There are many questions you can ask when selecting a developer to build your website. Are you compatible with them? Do you like their portfolio? Do they have good references? There are, however, some non-obvious questions that you should also ask before making the final selection. Here are 3 that I recommend you ask any potential web developer before hiring them.

What is the biggest website you have ever developed?

You need to know that the developer you are hiring has developed a website around the size of yours and knows how to make sure the site stays ?performant?. (Performant is a word developers made up to say ?runs fast?. If we all said ?runs fast?, we think you may not need us because you understand things.)

How do they deal with scalability of websites your size? Do they have experience scaling a website both up and down to handle seasonal traffic? Do they know how to build websites that are fast even under load?

You need to make sure your developer has previously built something of the same size as your site. You need to know that they have already faced the problems your website will run into and have answers at the ready for them.

Action Item:

Ask any potential developer for 3 websites that they have built around the same size as yours. Then, after you have left them, put each of them through this URL:

A Pagespeed score lower than 80 is is a red-flag.

Where will you host my website?

I am assuming you are allowing your web developer to choose the hosting platform for your site. If you are managing this yourself, skip to #3.

It is important to know where your site is being hosted. Many web develoeprs have hosting agreements with hosting companies and will put your website on a server with hundreds of other websites. This isn’t necessarily bad, as long as you know it. It doesn’t make sense to dedicate an entire server to a small site, especially for personal blogs or small businesses.

However, some developers will stick with their hosting provider, even if it isn’t the right solution for all websites, simply because it is what they know. Many small business sites are better served on a Virtual Private Server than shared hosting. If your website will be doing ecommerce then you need to make sure that the server that is handing the transaction is PCI compliant[1], most web servers are not. You need to make sure that your website will have the resources it needs and not be at the mercy of other sites.

Action Item:

Ask any potential web developer for three websites hosted with three different hosting partners or on 3 separate servers. If they can’t provide that then it is a red-flag because it means that your site will most likely be one of hundreds on a common server.

What will you do to secure my website?

Security is very important these days and should be something that you discuss with any potential web developer. You need to make sure that your developer understands the importance of security and has a plan to keep your site safe.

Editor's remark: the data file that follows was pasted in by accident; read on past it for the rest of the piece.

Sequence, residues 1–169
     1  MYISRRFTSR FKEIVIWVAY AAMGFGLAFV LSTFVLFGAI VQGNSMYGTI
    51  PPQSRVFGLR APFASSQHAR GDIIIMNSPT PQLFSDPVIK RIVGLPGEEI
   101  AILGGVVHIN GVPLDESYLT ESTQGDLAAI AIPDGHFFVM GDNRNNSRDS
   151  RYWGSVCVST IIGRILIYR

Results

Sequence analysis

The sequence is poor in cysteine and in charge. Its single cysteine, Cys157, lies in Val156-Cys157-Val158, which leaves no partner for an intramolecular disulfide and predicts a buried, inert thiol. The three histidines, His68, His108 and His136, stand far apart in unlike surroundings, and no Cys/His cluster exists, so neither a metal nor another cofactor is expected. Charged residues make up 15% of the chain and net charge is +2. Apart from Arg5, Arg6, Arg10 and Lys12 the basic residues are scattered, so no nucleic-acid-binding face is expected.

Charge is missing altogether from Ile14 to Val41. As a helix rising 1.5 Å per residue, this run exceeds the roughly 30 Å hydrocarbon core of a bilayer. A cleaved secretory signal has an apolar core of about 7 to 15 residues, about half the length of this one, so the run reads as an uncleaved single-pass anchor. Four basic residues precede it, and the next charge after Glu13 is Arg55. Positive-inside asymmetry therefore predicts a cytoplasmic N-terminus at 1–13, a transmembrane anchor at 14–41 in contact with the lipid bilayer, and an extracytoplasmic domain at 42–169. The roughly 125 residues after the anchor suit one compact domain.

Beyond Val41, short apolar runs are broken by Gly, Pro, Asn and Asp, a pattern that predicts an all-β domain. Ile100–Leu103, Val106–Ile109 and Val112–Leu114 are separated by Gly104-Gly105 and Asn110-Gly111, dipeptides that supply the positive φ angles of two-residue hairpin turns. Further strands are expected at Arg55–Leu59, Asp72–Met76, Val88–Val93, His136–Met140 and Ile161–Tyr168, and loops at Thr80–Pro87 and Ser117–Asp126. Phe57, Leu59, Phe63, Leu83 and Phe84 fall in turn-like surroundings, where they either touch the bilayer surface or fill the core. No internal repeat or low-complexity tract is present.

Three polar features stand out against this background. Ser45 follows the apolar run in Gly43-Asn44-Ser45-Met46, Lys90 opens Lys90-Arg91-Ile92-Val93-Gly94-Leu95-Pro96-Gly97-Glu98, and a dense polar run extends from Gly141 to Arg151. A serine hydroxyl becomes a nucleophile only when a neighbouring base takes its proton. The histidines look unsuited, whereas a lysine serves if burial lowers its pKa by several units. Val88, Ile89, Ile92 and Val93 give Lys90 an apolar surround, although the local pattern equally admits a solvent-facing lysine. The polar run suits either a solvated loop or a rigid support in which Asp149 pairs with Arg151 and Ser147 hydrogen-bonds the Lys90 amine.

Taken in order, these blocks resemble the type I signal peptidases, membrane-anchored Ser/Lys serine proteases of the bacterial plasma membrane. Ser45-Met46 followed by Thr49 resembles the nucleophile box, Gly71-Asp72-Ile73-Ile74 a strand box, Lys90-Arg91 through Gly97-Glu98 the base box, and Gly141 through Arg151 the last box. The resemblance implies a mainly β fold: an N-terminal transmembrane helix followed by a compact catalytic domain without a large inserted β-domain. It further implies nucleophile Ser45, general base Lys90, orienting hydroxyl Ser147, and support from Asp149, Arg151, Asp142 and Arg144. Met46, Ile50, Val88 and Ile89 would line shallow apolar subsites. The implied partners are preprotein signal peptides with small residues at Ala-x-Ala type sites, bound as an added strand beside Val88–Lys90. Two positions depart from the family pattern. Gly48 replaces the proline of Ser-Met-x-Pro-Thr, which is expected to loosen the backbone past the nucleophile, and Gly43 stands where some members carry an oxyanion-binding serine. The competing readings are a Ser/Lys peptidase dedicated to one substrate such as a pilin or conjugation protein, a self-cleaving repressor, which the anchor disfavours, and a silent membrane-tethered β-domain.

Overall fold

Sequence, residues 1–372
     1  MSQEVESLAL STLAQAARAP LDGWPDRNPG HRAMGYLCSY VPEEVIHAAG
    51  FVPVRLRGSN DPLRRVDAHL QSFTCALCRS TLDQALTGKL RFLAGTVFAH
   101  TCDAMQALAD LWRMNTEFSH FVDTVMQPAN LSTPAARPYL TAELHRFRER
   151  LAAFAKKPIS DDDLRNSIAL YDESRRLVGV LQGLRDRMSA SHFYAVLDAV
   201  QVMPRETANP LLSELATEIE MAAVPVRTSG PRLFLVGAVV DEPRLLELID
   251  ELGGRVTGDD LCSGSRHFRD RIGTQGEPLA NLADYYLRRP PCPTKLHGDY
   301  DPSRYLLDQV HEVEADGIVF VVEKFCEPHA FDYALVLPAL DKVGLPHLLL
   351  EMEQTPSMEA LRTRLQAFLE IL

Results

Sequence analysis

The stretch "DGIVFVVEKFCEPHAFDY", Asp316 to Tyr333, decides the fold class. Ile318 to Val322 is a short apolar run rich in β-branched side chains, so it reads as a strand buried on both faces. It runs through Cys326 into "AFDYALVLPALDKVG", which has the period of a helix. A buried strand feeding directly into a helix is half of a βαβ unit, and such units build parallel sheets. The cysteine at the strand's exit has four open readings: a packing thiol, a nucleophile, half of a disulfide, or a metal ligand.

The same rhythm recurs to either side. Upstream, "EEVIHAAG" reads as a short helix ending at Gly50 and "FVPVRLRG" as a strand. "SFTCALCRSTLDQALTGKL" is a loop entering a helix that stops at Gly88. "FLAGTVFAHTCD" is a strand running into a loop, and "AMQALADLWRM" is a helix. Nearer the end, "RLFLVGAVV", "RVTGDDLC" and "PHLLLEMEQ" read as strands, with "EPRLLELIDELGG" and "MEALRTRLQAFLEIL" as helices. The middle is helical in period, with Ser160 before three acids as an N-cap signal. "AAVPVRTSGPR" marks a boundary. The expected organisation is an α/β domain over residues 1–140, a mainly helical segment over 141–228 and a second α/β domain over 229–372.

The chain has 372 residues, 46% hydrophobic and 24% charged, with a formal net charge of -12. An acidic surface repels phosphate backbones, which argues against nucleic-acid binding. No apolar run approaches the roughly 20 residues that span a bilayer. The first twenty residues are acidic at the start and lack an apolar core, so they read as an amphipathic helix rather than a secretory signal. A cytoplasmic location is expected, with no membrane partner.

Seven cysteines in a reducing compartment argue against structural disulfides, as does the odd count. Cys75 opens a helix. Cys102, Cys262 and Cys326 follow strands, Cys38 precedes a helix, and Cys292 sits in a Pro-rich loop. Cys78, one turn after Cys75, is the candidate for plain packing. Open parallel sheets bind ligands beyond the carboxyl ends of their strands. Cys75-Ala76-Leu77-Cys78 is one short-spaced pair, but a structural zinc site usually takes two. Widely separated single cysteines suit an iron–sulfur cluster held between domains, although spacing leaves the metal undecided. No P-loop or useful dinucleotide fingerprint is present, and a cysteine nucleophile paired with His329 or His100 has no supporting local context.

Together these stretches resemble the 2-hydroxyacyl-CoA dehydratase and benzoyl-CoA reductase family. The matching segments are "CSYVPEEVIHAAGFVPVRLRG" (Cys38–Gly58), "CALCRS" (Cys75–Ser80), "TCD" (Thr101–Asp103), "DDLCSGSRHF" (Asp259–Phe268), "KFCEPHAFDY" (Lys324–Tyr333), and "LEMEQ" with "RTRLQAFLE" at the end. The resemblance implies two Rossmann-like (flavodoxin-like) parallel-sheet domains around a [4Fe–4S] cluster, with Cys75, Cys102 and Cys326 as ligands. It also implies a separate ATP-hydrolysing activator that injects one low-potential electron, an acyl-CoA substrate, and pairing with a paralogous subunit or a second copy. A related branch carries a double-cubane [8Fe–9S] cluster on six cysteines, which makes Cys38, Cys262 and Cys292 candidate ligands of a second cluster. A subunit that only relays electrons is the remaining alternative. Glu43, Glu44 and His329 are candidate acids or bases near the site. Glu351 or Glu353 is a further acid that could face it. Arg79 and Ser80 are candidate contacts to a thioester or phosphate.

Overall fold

The best security is layered. It starts with good, secure, and audited code. If your web developer is building on top of an open source platform like WordPress or Drupal, you don’t need to worry about the code being audited. Large open source projects have large communities behind them. As long as your developer keeps their sites up to date,? you will be reasonably protected. If however, the code that will be running your website was written by the developer, ask for proof that it has been audited by an outside vendor in the last twelve months.

The next layer of security is software: making sure all applications running on the server are regularly patched and up to date. Many servers are compromised not because of the code that the developer wrote but because a vulnerability exists in one of the many, many programs it takes to run a modern day website.

The final layer of security is a firewall. Your website should be run on a server behind a firewall. These days many servers have firewall software installed on them, and in many cases that will suffice. The firewall should be properly configured, though, to only let traffic into those applications that you are actively using. For instance, if all your server does is serve web pages then the firewall should block all traffic except for web traffic. If your developer stares at you blankly when you ask this question, and they can’t produce a system administrator who handles this for them, it is a serious red-flag.

Action Item:

If your site will be built on top of WordPress or Drupal, or any other open source project, ask your developer to pull the site up in a browser, view the source and show you the version number. Most modern day packages put the version number in the comments somewhere. As an alternative, they can log into the site as an administrator and show you the version number. Most modern web applications show the current version number on the administration pages. Then, when you are away from them, research that package and find the latest version number. Unless the version numbers have changed in the very near past, they should match. If they do not, that is a red flag that should not be ignored.

Wrapping it up

There is no ?silver bullet? question that will ensure that you hire the right developer. Even if they pass all of your tests, things could still go wrong. However, there are questions that need to be asked beyond the obvious one to help you make the decision. I’ve given you three here to get you started.

[1] Payment Card Industry (PCI) standards. If you are storing and processing credit cards on your website, you must have a PCI compliant server.

About the Author:CalEvans is a professional programmer, writer and speaker. His passion in life is helping people do great things with technology. His latest book is AvoidingaGoatRodeo:Howtogetwhatyouwantwhenhiringadevelopertobuildyourwebsitewhich does just that.